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                                                          Secular Sabbath
                                                      Unbelief	in	Ian	McEwan’s	Fiction
                                                                                     David Impastato

                                         ver the past two decades, few writ-                           calls the “dead hand of modernity.” He laments that literary
                                                                                                       modernism sometimes smothers narrative by focusing entirely
                                         ers have charmed as many critics                              on character instead, leaving readers with little or no mo-
                                         and readers as the British novelist                           mentum to pull them along. His own novels are page-turners.
                                                                                                       Irony, while mostly absent from his tone and characterizations,
                                Ian McEwan. He is probably best known for                              is abundant in his plots. They teem with suspense, surprise,
                                his 2001 novel Atonement, which sold over 4                            and twists of fate. To create narrative tension, McEwan often
                                                                                                       deploys a violent incident or a threat of violence. His earliest
                                million copies and was turned into a popular                           writing earned him the nickname “Ian Macabre.”
                                movie, but McEwan has been selling books                                  In other ways, though, McEwan is very much within the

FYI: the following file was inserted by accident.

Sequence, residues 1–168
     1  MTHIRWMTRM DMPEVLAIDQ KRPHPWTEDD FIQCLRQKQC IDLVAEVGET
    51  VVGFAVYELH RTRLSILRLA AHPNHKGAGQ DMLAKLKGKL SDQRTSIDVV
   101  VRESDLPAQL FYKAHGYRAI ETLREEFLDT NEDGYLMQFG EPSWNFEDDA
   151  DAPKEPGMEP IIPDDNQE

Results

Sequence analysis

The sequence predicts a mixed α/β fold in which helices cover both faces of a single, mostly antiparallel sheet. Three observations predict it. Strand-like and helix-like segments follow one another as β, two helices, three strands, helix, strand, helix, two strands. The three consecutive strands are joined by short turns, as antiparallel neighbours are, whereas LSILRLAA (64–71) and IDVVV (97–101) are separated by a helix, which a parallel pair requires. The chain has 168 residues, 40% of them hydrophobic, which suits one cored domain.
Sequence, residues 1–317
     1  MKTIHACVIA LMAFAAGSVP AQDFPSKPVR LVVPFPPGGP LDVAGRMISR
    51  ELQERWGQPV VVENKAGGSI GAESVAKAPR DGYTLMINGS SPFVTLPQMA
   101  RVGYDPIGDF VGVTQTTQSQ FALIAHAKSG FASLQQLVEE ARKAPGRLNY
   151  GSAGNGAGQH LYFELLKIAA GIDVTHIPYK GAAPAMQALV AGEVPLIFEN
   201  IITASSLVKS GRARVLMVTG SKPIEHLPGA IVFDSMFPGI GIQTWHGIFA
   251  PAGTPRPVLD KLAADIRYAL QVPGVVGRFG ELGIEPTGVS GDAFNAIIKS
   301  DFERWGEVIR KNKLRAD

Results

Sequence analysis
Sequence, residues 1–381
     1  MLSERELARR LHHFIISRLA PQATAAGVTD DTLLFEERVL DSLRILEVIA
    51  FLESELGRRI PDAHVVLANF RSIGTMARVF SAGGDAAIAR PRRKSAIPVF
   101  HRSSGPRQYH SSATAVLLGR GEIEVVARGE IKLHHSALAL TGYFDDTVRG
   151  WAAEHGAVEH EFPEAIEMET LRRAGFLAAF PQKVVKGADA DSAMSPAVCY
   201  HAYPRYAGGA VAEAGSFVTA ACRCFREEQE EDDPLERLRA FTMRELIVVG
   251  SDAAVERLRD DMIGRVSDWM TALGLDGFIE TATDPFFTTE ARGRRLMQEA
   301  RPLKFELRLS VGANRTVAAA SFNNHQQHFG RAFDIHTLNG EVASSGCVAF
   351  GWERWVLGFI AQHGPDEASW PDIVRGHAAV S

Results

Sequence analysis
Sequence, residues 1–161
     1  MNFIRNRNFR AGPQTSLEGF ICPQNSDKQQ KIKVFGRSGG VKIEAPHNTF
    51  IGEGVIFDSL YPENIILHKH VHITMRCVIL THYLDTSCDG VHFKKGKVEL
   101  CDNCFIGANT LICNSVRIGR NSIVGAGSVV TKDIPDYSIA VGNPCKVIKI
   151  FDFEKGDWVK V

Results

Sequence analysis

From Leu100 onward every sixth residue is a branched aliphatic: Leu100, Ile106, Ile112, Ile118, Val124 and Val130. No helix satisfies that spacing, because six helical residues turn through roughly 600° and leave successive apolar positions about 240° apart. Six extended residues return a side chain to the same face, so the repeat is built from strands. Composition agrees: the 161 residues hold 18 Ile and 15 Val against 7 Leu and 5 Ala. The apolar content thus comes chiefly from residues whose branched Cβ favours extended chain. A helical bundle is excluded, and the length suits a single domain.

main current of modern literary fiction. His books are as full
                                and winning awards since the mid-1970s.                                of psychological observation as they are of incident. He often
                                Before Atonement, there was The Comfort                                cites as a defining influence Virginia Woolf and her free, indi-
                                of Strangers, Black Dogs, Enduring Love, and                           rect style—a dazzling articulation of consciousness that traces
                                                                                                       the subtlest motions of her characters’ minds. McEwan pays
                                Amsterdam; and since Atonement, he has pub-                            tribute to Woolf both in and by his own writing. Like Woolf’s
                                lished two more successful books: Saturday                             Mrs. Dalloway, McEwan’s 2005 novel Saturday describes a
                                                                                                       single day in the life of a Londoner. But Saturday’s main debt
                                and the novella Chesil Beach.                                          is not to other novels, but to science and the culture of sci-
                                   McEwan has won both the National Book Award and the
                                coveted Booker Prize. He’s been informally dubbed Britain’s
                                National Author and, by royal decree, Commander of the
                                British Empire.
                                   Several things account for the McEwan phenomenon. The
                                fine, elegant thread of his language is easy and pleasurable
                                to follow. His authorial voice is genial, direct, and refresh-
                                ingly free of modernist irony. Novelists such as John Updike
                                and Philip Roth, both of whom McEwan has written about
                                admiringly, often tinge their characterizations with irony to
                                avoid sentimentality. But when McEwan presents a character,
                                he is never winking at the reader. He recently acknowledged
                                that a “certain ironical tone” he developed for his forthcom-
Commonweal . October 23, 2009

                                ing novel was hard for him to come by. McEwan’s narrative
                                directness is at least superficially similar to that of romance
                                and adventure fiction, where characters usually appear in
                                plain aspect.
                                   The plots of McEwan’s literary fiction also have much in
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